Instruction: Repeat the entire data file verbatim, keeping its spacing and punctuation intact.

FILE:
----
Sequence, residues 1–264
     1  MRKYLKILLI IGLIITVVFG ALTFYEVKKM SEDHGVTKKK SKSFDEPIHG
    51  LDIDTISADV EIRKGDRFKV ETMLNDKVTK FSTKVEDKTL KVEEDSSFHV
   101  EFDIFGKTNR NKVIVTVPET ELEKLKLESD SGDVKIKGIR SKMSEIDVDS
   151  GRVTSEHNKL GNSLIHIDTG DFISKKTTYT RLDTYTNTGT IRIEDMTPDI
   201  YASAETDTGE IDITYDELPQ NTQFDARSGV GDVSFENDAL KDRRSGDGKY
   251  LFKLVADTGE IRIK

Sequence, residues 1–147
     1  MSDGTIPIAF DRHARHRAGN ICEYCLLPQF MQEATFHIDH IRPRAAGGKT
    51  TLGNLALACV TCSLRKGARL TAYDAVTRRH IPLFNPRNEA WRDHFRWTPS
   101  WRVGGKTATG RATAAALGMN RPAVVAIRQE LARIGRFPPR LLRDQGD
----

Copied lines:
Sequence, residues 1–264
     1  MRKYLKILLI IGLIITVVFG ALTFYEVKKM SEDHGVTKKK SKSFDEPIHG
    51  LDIDTISADV EIRKGDRFKV ETMLNDKVTK FSTKVEDKTL KVEEDSSFHV
   101  EFDIFGKTNR NKVIVTVPET ELEKLKLESD SGDVKIKGIR SKMSEIDVDS
   151  GRVTSEHNKL GNSLIHIDTG DFISKKTTYT RLDTYTNTGT IRIEDMTPDI
   201  YASAETDTGE IDITYDELPQ NTQFDARSGV GDVSFENDAL KDRRSGDGKY
   251  LFKLVADTGE IRIK

Sequence, residues 1–147
     1  MSDGTIPIAF DRHARHRAGN ICEYCLLPQF MQEATFHIDH IRPRAAGGKT
    51  TLGNLALACV TCSLRKGARL TAYDAVTRRH IPLFNPRNEA WRDHFRWTPS
   101  WRVGGKTATG RATAAALGMN RPAVVAIRQE LARIGRFPPR LLRDQGD